tip off

Gillard’s $215m ‘strategic 
investment’

It’s not a hand out, Julia Gillard said today about her, well, handout — and those of the Baillieu and Weatherill governments — to US multinational General Motors to keep making cars here until 2022.

A strategic investment” was the Prime Minister’s phrase for the $215 million package to support 55,500 jobs in the car industry and “around 200,000 additional jobs nationally” (those magic employment multipliers again).

Among those jobs will be several new ones. There’ll be an “Automotive Envoy” “to strengthen links with the global automotive market”. Let’s call him or her the ambassador for Detroit. There’ll also be an “Automotive Supplier Advocate to help identify new products and customers in automotive and non-automotive industries.” GM will also be establishing a “Suppliers’ Working Group to connect Australian suppliers to GM’s world-wide supply chains.” The golden opportunity to appoint a US-style “car Tsar” has, sadly, been missed.

There’s only so much terms like “co-investment” and  “developing new business opportunities” can hide before it becomes apparent that this is merely a $200 million plus bid by Australia in the international market established by multinational automotive manufacturers to determine where they can get the most handouts for establishing car plants.

There are few other industries like it, with the capacity to hypnotise politicians the world over, making them suspend their scepticism and start writing out cheques. The closest comparison is “major events”, in which sordid institutions like the IOC, FIFA and Formula 1 demand, and get, massive subsidies and legal protection from governments for the right to stage ludicrously costly events.

Although, seen from that point of view, the deal isn’t too bad: remember we blew $46 million just trying to bid for the soccer World Cup, and compare the $50m Victoria wastes every year on that noted supporter of gross human rights violators, Formula 1, for some momentary coverage and a minimal boost to tourism. The $200 million that might — time will tell — keep perhaps ten thousand workers in jobs for another decade suddenly doesn’t look so bad.

The only smart aspect of the package was a further $16m for training and support services for workers leaving the automotive industry. Its one flaw is that is should have been ten times that, to help exit a substantial chunk of the workforce.

That Gillard proudly stood next to the same vehicle as Ben Chifley did in 1948 speaks volumes: our industry policy hasn’t moved on in more than 60 years. At the ceremony not long before the “Holden 1” rolled off the production line, Chifley spoke about of exporting vehicles “beyond our borders to other people in the Pacific and South East Asia” and lauding it as an example of the Australian-American relationship.

Today there was no pro-American rhetoric, but the Prime Minister was still talking about accessing Asian markets.

Detroit would be only too happy to be here in 2076 with another PM talking of co-investments to enable Australian manufacturing to enjoy the benefits of “the Asian century”. And if they’re not, they’ll be in some other country lucky enough to have “won” the global auction that is car manufacturing.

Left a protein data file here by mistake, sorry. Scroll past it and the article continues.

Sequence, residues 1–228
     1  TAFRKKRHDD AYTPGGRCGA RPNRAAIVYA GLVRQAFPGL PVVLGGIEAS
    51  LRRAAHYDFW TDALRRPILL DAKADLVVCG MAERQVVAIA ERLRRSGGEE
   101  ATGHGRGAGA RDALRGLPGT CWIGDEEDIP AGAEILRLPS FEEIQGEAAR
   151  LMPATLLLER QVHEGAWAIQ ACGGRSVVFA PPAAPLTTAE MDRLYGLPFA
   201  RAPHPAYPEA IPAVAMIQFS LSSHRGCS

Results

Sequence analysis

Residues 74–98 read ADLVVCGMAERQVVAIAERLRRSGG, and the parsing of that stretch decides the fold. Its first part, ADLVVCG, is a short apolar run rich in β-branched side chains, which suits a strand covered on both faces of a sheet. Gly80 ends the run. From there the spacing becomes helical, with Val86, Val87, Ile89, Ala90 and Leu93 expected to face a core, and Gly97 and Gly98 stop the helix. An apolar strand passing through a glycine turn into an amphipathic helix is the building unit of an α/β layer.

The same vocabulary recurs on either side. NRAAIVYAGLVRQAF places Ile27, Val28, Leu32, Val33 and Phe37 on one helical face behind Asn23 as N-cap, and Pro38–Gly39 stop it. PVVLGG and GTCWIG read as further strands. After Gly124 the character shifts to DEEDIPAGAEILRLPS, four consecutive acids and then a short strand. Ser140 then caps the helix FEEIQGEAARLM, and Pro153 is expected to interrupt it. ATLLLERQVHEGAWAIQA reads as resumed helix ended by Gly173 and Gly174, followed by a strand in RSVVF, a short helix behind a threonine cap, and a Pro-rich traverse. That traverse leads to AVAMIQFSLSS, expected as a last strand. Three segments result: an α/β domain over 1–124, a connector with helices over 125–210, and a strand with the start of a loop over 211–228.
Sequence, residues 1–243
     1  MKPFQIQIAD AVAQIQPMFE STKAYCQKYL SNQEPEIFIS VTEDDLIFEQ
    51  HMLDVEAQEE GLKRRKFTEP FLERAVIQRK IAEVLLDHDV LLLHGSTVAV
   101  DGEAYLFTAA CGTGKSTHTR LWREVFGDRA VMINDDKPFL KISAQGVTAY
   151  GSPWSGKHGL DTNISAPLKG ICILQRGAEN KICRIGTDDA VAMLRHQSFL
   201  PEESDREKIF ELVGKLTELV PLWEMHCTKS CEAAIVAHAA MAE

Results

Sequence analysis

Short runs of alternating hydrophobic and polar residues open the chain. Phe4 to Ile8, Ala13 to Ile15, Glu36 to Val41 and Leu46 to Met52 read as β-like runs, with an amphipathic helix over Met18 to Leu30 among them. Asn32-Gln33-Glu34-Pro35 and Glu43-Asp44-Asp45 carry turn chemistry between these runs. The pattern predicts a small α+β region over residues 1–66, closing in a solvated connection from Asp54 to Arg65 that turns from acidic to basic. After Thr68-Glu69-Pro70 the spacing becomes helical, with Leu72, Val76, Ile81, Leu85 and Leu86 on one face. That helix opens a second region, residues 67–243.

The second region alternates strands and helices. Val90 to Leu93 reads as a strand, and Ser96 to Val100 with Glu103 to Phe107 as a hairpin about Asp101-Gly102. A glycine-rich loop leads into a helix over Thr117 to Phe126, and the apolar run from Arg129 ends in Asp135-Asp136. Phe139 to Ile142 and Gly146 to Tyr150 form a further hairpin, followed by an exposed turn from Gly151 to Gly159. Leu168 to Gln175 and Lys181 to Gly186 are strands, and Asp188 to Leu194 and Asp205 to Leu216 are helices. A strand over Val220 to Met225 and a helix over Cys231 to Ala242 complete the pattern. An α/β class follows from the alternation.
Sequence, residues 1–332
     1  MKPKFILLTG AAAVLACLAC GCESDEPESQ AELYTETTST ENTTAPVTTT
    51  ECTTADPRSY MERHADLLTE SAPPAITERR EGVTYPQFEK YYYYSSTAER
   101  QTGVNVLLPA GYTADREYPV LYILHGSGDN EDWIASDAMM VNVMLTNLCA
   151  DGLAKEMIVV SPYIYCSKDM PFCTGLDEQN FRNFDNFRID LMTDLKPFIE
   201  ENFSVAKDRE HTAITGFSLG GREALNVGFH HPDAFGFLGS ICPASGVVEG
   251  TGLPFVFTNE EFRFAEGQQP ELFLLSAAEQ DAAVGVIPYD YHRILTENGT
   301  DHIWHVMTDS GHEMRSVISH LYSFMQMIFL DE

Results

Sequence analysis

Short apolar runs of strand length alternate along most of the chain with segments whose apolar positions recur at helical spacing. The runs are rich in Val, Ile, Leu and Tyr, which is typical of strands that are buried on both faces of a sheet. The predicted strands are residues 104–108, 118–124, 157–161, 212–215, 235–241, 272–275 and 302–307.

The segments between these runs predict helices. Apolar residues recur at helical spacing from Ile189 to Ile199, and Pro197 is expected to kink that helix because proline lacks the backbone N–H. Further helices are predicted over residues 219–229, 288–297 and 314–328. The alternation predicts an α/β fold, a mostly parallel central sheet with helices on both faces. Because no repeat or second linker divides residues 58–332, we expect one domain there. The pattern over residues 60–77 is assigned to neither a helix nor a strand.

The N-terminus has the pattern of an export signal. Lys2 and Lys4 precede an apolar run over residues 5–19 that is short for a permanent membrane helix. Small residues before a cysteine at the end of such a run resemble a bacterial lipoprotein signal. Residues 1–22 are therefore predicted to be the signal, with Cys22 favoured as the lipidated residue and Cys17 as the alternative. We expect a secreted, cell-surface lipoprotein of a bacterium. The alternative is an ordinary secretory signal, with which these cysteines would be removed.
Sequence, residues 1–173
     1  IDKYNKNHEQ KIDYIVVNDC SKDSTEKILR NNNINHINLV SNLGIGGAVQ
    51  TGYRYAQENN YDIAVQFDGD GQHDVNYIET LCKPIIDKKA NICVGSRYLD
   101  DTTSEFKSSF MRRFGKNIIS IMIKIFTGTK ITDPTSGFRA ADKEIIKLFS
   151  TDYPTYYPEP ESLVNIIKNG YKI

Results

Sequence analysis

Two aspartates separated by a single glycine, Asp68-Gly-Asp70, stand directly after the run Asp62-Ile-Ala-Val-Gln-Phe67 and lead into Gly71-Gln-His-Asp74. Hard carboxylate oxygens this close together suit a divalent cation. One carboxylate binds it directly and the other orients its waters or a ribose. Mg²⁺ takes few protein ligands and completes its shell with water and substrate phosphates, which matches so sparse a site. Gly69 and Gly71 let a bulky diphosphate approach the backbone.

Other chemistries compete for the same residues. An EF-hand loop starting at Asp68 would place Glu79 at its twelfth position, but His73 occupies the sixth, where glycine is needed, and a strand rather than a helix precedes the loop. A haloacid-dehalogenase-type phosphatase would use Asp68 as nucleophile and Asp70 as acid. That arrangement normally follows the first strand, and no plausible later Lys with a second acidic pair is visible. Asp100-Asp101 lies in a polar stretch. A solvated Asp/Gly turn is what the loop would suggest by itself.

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  • 1
    Ralph Becker
    Posted Thursday, 22 March 2012 at 1:59 pm | Permalink

    Strategic it may be, but for whom and why is clear… *sigh*

    Of course it’s strategic to invest $200,000,000 to cement our status on the world markets as ‘also rans’ and save jobs of card carrying members while quite happily letting other jobs go down the drain. Oops.

    Especially since there are no alternative industries that we could strategically invest $200M in - areas in which we have the natural resources and competence to be amongst the world leaders.

    Alas, that would require our card carrying members to do as the majority of us do - adapt and learn.

    *sigh*

  • 2
    Edward James
    Posted Thursday, 22 March 2012 at 2:18 pm | Permalink

    We are long over due to have our own fair dinkum Australian motor vehicle manufacturing industry. We have the resources and the skills. Why are we beholden to Germany Europe and USA. Platform cars have been around for decades! We are being taken for mugs and our elected reps are part of the on going problem! We are spending millions of dollars paying our politicians to act in our best interest and yet we are going broke. While inviting imports of stuff which will damage our own natural resources. Edward James

  • 3
    Damien
    Posted Thursday, 22 March 2012 at 3:21 pm | Permalink

    If it costs $20 mil per year to make cars in Australia - so what? It may be a rort but what’s the alternative? What will we ever be able to manufacture in this country if the market has its way without intervention? We’re already consumers of almost everything that uses fuel and lifts or carries any item. I think we need to be able to do more than service cars or fix them after prangs.

  • 4
    Holden Back
    Posted Thursday, 22 March 2012 at 3:28 pm | Permalink

    So, I assume you can write the story to go under the headline for the alternative outcome:

    GILLARD GOVERNMENT REFUSES TO SUPPORT AUSSIE MOTOR INDUSTRY.

    Yeah, right.

  • 5
    Edward James
    Posted Thursday, 22 March 2012 at 3:39 pm | Permalink